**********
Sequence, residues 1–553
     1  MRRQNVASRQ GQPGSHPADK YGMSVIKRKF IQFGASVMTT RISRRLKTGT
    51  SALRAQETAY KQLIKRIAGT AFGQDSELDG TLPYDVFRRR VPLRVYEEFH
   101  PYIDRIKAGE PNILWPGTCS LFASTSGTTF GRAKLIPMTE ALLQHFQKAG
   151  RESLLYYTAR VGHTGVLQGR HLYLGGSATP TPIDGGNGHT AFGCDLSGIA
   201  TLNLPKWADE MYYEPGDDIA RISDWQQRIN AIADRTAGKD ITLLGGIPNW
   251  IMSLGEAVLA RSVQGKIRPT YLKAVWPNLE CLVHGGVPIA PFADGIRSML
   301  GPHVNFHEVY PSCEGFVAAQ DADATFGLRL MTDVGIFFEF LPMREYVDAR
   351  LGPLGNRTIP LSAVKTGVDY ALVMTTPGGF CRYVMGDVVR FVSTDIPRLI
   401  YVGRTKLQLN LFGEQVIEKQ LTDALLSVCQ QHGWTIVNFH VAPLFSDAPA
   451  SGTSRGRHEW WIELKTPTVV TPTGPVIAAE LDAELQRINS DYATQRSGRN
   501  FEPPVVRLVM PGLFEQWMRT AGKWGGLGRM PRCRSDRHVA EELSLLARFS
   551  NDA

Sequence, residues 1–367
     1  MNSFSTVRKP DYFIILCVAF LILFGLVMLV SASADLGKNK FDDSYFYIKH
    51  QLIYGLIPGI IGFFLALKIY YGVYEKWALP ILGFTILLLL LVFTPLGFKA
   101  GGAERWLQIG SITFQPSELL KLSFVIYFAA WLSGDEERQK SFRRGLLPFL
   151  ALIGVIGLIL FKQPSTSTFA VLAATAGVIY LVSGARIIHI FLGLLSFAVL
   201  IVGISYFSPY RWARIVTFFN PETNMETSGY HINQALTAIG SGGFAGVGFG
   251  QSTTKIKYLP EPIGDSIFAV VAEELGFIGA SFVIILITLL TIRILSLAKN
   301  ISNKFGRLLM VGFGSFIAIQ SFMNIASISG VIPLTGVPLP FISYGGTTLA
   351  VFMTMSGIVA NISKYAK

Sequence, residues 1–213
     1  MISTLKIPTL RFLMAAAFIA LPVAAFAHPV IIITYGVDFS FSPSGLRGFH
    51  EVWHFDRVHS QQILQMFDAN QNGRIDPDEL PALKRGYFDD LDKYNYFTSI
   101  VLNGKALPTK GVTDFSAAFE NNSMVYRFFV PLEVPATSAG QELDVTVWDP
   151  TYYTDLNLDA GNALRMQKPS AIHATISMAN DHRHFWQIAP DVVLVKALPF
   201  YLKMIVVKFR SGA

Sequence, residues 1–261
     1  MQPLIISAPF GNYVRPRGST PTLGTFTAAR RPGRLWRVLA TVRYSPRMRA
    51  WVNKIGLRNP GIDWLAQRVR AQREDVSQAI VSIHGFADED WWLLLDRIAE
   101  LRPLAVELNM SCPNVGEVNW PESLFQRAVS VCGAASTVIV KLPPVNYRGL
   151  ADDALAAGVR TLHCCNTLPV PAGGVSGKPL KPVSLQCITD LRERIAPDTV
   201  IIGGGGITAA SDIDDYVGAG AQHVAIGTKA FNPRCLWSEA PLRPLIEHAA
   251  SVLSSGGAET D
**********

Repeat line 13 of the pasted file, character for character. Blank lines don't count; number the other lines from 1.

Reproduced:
   551  NDA